Luke Burgess was not selected for the England rugby side but his three younger brothers were, so let the awkwardness begin, writes Will Batchelor
Burgess family ties become strained over rugby selection
It would take a heart of stone to feel no sympathy for Luke Burgess, the rugby league prop who plays for the South Sydney Rabbitohs.
Being overlooked for national selection is always a bitter blow, particularly for a player of his considerable talents. Being overlooked when a friend or contemporary is selected must be even worse.
So we can only imagine how Burgess feels at not one, not two, but three of his own brothers making the cut for the Rugby League World Cup, which is being held in his “home” nation of England later this month.
Younger brothers Sam, George and Tom Burgess were named this week as part of Steve McNamara’s squad to represent England in the tournament. Luke was not.
As they say in rugby league circles, “Poor, poor lad.” It could be an awkward Christmas in that Burgess clan this year:
The Secret Diary of Luke Burgess, age 26.
December 20, 2013
I wish everyone would stop treading on eggshells around me. Mum keeps offering visitors a “porcelain vessel of tea”.
I’ve told her that she’s allowed to say the word “cup”, but she reckons she’s always said “porcelain vessel”.
December 22, 2013
Oh great. Uncle Bob and Auntie Maureen have arrived.
Auntie Maureen keeps trying to measure me up for a “surprise” gift. I know she means well, but a replica England jersey is just not the same as the real thing. Especially when it is one she has knitted herself.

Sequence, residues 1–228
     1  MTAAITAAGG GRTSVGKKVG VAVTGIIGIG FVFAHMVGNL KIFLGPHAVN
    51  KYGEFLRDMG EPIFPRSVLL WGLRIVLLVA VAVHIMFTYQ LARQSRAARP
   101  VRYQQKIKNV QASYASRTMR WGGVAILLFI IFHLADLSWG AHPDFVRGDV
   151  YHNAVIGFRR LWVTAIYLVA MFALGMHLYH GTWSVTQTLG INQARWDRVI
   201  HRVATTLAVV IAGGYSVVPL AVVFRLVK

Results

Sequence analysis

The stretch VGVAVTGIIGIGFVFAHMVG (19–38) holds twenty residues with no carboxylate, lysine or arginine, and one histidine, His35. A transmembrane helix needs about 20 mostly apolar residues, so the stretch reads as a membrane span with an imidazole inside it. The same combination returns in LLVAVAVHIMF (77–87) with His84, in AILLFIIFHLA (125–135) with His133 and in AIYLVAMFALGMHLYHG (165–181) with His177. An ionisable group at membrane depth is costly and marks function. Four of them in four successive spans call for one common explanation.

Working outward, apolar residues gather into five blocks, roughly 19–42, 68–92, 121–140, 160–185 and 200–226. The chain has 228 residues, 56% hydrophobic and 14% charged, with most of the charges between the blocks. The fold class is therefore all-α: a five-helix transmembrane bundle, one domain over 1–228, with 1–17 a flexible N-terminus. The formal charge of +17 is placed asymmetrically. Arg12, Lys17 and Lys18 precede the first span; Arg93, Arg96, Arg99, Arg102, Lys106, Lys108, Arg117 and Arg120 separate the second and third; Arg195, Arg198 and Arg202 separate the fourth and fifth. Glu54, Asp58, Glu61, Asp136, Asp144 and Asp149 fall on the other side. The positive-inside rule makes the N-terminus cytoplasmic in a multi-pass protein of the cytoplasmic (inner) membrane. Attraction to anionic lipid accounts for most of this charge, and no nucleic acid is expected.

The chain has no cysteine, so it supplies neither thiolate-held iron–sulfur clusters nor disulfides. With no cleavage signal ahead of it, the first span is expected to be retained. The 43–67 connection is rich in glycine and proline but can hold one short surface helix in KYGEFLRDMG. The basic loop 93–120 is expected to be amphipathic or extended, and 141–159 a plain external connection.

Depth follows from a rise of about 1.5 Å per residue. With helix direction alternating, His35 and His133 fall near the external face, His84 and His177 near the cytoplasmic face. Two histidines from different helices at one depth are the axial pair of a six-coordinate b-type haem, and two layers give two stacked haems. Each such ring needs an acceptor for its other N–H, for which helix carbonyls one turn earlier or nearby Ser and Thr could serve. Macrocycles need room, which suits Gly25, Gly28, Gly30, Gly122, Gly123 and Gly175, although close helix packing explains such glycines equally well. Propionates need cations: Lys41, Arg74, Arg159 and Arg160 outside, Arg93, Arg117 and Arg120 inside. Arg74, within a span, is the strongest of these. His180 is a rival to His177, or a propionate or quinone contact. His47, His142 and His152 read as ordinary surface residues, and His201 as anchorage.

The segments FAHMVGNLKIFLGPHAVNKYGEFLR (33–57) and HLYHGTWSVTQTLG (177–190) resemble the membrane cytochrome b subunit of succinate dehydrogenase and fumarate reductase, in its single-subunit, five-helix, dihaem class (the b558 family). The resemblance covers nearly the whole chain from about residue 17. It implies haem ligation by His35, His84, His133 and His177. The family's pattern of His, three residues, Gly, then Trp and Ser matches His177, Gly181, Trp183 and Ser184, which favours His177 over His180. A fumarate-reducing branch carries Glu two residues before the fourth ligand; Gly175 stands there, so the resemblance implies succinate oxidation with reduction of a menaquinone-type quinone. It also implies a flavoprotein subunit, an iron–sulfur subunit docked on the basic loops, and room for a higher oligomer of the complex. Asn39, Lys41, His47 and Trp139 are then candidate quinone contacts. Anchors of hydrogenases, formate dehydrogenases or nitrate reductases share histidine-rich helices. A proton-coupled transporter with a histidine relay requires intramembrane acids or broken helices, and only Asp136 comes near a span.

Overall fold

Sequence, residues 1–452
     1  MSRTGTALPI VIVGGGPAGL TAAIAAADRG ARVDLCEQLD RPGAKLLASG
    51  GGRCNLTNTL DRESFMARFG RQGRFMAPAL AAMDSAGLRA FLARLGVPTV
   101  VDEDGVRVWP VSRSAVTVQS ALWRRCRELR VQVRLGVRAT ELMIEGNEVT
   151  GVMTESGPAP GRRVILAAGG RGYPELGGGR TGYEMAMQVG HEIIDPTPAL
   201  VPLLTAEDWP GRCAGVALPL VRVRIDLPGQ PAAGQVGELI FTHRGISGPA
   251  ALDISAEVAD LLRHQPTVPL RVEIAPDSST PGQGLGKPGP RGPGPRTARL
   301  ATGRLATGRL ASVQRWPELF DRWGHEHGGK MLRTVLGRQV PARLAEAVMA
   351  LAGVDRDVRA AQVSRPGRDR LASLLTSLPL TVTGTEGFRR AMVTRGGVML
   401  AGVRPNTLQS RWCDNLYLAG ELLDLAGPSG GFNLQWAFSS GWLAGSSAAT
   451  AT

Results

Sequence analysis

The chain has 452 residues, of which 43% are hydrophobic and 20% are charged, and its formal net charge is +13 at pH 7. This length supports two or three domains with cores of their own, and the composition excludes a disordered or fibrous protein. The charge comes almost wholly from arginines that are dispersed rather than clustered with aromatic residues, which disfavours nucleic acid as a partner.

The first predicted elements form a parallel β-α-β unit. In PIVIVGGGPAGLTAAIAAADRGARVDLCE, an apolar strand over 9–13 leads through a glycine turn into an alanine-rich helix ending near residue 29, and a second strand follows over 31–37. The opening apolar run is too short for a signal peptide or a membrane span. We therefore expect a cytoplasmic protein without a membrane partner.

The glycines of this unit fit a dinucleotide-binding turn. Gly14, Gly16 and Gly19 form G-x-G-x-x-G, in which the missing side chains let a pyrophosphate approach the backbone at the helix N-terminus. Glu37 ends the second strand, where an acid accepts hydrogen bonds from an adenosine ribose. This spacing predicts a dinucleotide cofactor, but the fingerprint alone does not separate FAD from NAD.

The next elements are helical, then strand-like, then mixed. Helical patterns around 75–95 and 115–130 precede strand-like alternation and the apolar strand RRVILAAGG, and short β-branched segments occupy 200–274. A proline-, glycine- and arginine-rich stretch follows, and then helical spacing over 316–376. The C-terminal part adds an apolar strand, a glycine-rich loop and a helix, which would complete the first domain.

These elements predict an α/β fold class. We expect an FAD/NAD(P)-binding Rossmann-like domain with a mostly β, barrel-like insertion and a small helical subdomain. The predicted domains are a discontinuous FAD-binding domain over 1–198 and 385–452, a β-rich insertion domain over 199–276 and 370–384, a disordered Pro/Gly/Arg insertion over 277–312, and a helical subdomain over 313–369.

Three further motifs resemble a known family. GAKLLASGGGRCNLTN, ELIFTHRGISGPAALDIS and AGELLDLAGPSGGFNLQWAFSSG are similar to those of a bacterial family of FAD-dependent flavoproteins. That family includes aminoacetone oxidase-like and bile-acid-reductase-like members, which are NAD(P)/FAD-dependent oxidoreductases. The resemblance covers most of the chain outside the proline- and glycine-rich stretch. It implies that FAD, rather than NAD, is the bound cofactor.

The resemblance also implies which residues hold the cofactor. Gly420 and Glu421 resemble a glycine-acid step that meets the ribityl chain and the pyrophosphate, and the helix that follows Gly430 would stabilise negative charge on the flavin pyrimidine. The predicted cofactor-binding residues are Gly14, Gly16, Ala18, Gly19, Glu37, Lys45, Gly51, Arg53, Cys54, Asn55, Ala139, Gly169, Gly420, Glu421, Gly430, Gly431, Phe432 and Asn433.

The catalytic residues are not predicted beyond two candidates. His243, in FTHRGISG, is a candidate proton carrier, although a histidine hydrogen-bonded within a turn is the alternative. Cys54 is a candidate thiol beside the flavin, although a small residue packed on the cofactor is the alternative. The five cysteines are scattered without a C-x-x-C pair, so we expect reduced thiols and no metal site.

Uncle Bob just winks and says wool keeps you warmer when you’re not running around. He thinks he’s so funny.
December 23, 2013
The traditional family film night did not go very well. First of all, we could not agree on what to watch. Uncle Bob said I might like Home Alone and started laughing like a drain until Auntie Maureen gave him one of her looks.
Eventually mum suggested Whatever Happened To Baby Jane.
“It’s about a young starlet who is the talk of the town,” she said, “but then her younger sister turns out to be even more talented and anyway who fancies a game of charades?”
December 25, 2013
Christmas morning didn’t get off to the best start.
We all four got chocolate coins in our stockings, as usual, but only mine was threaded on to a ribbon.
“There, now you’ve all got a medal,” said Auntie Maureen. I thought about putting mine around her neck, very tightly.
Then it was time for lunch. Mum did beef this year. She said it was “for a change” and pretended not to hear Uncle Bob say that one turkey in the family was more than enough. To cheer me up, mum said I could have first go at digging into the pudding to look for the hidden coin.
Then Uncle Bob said it was not the first wooden spoon I’d been handed this year. I’m not quite sure what happened after that, but the doctors said they had managed to retrieve the spoon and that we should give it a good wash before putting it back in the pudding.
January 1, 2014
Uncle Bob finally regained consciousness today and said there were no hard feelings. In fact, below his waist, there were no feelings at all. He suggested it might be wise for me to take a break from rugby league, maybe go somewhere where nobody really talks or cares much about it.
I said it was an interesting idea, but that I wasn’t ready to return to England just yet.